With the undoing of authorial meaning, or intent, and the death of the author, this perlocutionary effect fades into a cloud of extreme relativism. Hirsch points this out when he says, “There is no magic land of meaning outside human consciousness. Whenever meaning is connected to words, a person is making the connection, and the particular meanings he lends to them are never the only legitimate ones under the norms and conventions of his language.” If meaning is borne in human consciousness, with it comes telos and with telos comes objective meaning. The goal of hermeneutics is to get at that objective meaning by utilizing the rules inherent in language. These rules are borne out of the rational aspects of the human mind. As such, they are not arbitrary conventions, engineered by human culture. They have their source in the Divine Engineer and Creator of all things human, the triune God. This fact provides hermeneutics with the necessary foundation it requires in order to function. Without this foundation, hermeneutics ceases to be hermeneutics. The whole concept of interpretation requires a meaning out there somewhere to be discovered. Otherwise, what is the point of engaging in a practice that has no hope of discovering what is there? The alternative is that the only thing we can ever hope to get at is what is here. With this, all hope for change evanesces. When we say out there, we do not intend to imply anywhere. The there to which we refer is a definite, fixed place. It is in the intent of the author that the there is actually located. Thus, the hermeneutical journey is a journey toward the center of authorial intent, to include an eye on the perlocutionary hopes found in authorial intention. After all, readers have a purpose for reading the same as authors have a purpose for writing. The two horizons inevitably meet and with the fusion of these horizons, something changes. The question is; does the text transform the reader or the reader the text?

As Thiselton rightly points out, “The phrase “transforming texts” can be interpreted in two ways. Texts can actively shape and transform the perceptions, understanding, and actions of readers and of reading communities…But texts can also suffer transformation at the hands of readers and reading communities.” This awareness must never be underestimated in the practice of biblical interpretation. The sin nature must always be in view as we seek to better understand the meaning of God’s word. In his book, Theological Hermeneutics, Alexander Jensen argues along the same lines. He writes,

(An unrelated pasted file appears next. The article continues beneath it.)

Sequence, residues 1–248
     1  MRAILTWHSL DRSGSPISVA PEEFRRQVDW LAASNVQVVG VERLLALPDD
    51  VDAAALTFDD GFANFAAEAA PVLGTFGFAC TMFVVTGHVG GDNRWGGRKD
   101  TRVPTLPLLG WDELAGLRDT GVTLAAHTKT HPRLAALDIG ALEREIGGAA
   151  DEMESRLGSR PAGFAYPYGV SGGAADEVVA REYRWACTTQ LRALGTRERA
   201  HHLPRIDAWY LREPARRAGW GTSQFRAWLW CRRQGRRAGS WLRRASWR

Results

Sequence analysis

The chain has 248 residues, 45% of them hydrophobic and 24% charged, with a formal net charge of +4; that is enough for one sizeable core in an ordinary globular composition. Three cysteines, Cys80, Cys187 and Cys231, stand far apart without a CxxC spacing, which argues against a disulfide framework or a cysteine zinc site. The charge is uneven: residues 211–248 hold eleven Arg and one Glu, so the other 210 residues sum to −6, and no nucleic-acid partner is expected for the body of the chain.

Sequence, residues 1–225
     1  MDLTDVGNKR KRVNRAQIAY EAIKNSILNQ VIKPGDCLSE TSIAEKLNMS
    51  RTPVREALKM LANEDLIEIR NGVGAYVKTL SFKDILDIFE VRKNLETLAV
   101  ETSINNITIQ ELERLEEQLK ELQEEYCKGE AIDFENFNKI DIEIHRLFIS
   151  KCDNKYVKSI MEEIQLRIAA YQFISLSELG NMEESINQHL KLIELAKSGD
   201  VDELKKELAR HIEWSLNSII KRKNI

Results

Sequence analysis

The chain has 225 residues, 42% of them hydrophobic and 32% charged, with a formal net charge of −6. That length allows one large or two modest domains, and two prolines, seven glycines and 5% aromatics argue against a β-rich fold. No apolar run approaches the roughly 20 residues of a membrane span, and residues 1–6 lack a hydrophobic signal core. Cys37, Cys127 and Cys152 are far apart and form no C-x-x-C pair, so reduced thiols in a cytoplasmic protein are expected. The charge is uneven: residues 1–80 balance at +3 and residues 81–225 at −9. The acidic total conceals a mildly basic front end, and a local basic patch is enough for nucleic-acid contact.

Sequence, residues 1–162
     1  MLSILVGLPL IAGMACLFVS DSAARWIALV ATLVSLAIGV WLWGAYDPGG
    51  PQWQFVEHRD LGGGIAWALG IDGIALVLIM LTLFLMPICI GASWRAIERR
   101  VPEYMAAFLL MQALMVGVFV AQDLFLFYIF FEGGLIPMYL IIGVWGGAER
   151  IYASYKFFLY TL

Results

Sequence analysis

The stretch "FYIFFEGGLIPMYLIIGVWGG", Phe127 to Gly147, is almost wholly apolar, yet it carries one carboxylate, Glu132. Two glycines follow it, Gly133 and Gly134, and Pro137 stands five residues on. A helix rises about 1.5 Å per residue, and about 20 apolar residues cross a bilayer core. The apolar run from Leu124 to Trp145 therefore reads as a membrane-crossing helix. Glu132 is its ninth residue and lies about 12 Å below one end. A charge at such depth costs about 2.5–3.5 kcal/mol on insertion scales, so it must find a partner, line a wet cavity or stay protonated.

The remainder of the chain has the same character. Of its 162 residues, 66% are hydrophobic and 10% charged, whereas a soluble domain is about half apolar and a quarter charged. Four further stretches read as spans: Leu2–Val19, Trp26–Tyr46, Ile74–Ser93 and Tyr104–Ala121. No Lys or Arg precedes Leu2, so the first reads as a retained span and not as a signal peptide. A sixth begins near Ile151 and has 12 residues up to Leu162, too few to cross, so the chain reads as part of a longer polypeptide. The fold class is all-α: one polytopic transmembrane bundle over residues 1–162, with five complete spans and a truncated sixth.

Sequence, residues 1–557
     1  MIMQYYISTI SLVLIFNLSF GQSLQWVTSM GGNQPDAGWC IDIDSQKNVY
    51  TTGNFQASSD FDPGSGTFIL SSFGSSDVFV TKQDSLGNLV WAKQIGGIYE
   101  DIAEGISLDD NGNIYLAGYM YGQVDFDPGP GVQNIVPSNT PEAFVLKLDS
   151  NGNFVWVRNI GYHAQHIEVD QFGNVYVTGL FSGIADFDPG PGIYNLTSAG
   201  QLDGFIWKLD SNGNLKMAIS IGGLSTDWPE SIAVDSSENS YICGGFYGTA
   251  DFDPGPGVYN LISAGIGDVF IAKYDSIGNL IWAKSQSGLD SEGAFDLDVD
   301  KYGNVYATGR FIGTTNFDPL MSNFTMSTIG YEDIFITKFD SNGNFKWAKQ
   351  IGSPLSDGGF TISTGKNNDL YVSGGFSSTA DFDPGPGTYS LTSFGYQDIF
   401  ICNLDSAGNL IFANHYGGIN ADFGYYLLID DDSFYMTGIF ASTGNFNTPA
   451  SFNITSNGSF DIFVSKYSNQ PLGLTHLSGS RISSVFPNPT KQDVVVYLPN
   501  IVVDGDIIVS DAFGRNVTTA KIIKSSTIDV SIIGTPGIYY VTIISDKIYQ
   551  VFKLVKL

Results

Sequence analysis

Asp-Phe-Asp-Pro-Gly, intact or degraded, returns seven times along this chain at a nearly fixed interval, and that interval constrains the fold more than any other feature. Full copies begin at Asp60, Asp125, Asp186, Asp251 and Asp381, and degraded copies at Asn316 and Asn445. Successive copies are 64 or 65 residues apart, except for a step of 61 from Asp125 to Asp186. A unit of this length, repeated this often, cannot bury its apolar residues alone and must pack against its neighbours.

“The theologian needs to keep in mind that his or her hermeneutical approach, both in biblical and wider theological hermeneutics, is informed, if not determined by certain fundamental theological decisions…It is therefore important for the theologian to be aware of his or her presuppositions, and wherever possible, make them explicit, reflect on them and where appropriate, criticize them.”

Most often, we transform texts that threaten us. What is the threat we feel from a text that causes us to engage in this transforming activity? Quite simply, the text threatens to transform us. We encounter the text as an enemy who threatens our way of life. It is here that the word of God does its best work in our lifestyle. The text causes moderate to serious discomfort because it confronts us with the truth about our state and actions. In short, the text threatens our autonomy. It seeks to subdue that part of our living, and thinking that has yet to be subdued in Christ. We refer to this progressive activity as ‘progressive sanctification.’ As these two horizons fuse, something must change. When hot air and cold air meet under the right conditions, a tornado is the result. When God’s horizon fuses with our understanding, a tornado is produced. Either we will destroy the text (in our minds), or the text will destroy the unbiblical thinking that has invaded our mind through sin. This is the process Paul described in Romans 12:1-2 as I mentioned above. Transformation will take place when the two horizons meet. The only question concerns the object of transformation.